To blend the paint and tint together use a small pail for each color and add the proper quantity of paint you'll need, for a standard ratio of 4 to 1 you'll need to end up with a cup of tinted paint for every quart of glaze extender. It's best to start with at least a cup of each primary color to be sure you have enough to get the final cup of tinted paint.
Add the paint to the pail and add the tint to it a little at a time to "sneak up" on the color you want. Stir well after each addition of tint making sure to scrape the sides of the pail to mix in any strays. Keep stirring and scraping until you have a uniform color without any streaking. Before adding the mixed paint color to the glaze, test it on a sample of the base coat you will be using for your project to be sure it's what you want. Adjust the color if it's not what you were looking for, again, adding only a very small amount of tint at a time until you get the color you want.
When choosing a color for a room the accepted rule of thumb is to use light shades in small rooms and darker ones in large rooms. The resulting effect is to make a small space seem larger with the lighter tone and the large room to feel cozier and warmer with a dark one.
To create a light faux finish, use a dark base coat with a lighter glaze over it. The darker base will bring out the lighter shade on top, making it dominant in the finish. For a simple sponging effect in a small powder room for example, try a tan base coat and a lighter tan or cream over it. This will create a bright, open feeling in the room and make a cramped spaces seem not so small.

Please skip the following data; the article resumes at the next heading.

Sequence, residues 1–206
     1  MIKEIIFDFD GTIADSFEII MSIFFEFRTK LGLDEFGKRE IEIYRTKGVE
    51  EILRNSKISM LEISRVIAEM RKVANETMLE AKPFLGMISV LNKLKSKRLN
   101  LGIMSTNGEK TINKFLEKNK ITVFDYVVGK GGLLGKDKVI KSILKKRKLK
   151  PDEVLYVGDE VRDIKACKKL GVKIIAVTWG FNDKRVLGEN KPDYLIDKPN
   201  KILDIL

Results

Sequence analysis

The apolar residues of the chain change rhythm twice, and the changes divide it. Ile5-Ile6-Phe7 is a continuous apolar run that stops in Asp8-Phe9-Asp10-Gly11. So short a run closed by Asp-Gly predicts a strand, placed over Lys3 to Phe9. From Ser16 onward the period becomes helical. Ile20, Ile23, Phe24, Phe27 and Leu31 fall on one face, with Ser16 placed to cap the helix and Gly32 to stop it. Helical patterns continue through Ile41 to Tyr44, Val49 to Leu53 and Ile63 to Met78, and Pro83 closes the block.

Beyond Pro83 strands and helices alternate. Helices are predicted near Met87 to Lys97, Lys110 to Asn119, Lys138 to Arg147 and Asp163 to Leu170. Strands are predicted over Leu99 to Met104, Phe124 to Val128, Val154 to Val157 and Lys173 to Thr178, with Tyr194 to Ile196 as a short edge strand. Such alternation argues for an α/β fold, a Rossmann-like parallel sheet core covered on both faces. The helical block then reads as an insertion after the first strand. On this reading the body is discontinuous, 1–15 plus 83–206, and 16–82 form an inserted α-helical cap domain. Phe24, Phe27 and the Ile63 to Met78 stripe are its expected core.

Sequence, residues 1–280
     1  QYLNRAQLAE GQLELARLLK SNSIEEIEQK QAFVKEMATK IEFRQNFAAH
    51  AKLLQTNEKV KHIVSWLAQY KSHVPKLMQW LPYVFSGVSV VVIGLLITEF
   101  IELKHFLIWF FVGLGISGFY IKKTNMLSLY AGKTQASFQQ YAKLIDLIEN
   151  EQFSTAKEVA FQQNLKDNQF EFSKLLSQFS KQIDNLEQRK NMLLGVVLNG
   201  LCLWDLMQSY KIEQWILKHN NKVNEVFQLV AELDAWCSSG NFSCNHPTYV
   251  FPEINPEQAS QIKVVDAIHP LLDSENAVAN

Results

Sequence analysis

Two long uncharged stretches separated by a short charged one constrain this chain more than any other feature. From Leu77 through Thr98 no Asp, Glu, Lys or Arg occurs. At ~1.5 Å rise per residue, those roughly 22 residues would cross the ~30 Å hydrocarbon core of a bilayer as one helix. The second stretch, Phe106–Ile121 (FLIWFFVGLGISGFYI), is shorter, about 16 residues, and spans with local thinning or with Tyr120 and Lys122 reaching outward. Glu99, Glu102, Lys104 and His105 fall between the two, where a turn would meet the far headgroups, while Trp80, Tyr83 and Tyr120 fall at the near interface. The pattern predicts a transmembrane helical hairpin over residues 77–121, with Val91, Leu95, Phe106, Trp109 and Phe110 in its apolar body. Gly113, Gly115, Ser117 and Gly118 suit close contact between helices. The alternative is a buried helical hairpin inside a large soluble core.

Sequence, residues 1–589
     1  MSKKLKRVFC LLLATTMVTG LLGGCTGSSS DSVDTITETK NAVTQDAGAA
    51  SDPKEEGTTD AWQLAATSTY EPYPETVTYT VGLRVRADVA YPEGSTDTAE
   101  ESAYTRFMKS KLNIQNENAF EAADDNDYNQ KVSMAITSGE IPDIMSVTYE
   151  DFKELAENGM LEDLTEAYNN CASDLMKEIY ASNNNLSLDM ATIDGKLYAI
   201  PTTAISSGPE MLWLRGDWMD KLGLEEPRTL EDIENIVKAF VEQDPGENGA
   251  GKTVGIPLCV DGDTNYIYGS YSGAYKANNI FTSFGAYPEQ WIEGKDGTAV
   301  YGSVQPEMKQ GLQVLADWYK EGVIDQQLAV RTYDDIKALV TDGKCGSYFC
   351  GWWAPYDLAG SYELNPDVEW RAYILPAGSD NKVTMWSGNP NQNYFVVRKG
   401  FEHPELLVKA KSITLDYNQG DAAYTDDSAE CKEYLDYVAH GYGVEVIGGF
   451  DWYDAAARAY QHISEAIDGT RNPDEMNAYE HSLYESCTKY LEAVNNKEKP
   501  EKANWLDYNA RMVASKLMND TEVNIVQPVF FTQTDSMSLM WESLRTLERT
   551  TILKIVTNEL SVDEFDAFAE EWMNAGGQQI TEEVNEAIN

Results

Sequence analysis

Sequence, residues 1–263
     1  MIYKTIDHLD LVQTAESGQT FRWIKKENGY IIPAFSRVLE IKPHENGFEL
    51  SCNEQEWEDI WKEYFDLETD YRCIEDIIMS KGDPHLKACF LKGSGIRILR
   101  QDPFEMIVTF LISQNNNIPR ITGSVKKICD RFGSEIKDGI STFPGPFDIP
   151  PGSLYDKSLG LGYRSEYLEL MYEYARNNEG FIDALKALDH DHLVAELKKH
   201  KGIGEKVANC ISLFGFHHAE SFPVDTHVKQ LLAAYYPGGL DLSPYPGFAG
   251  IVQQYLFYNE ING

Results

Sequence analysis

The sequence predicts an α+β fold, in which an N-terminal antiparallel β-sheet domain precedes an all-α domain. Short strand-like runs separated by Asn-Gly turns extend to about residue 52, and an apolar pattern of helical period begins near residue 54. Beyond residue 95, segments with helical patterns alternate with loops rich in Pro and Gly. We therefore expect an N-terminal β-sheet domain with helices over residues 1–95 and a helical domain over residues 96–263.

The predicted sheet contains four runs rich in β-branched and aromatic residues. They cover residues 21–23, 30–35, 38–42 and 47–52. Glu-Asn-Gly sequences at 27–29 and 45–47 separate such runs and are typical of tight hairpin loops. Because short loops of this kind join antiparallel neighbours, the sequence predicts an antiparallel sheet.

Conversely, in a larger room use a light base coat and dark glaze over it to make the finish seem darker. For example, in a large living room with a high ceiling try a more complex finish like craft paper painting or opaque sponging and choose a light shade of gray for the base coat followed by progressively darker shades of gray to bring the walls in closer and make things feel cozier.
For help choosing the colors you want for your faux painting project use a sample card available from most home and paint supply stores. These will have chips of several complimentary colors on the same card to help with choosing an appealing scheme for your room. You can use these to decide on the base coat and glaze colors you want for your project. You can then buy those premixed, or match them using the mixing tips above.
If you're buying premixed paint, always buy all you'll need for your project at one time, it may be impossible to get the exact mixture again if you run out. For an average 9x12 room, a gallon of base coat paint will usually be enough, but if you're making a radical change to the existing color, you will likely need more for multiple coats.
Good preparation is important to getting the effect you want with a faux finish. First, evaluate the surface you will be working with, any surface is ready for painting as long as the existing finish is sound with no damage or loose, peeling paint. If there's peeling or other defects, the damage must be repaired before proceeding with the faux painting. Always remove any loose material first and then sand or use a stiff brush to smooth the surface and apply an appropriate primer (see below) to prepare it for the base coat.
If you have cracks or peeling paint on your walls, you will have to repair the damage using one of the wall repair solutions at this link. If you want to apply a faux finish to rough wall surfaces, use a sponge painting or plastic wrap process to help hide the imperfections. Most other faux finishes don't work well to hide wall damage, so smooth out any rough areas before creating those effects on walls.
After any necessary repairs are done the first step to the decorative painting process is the application of a base coat of paint. The best base coat for most effects is an eggshell or semi-gloss paint. Alkyd or latex paint can be used here, but in most cases latex is the best and easiest choice.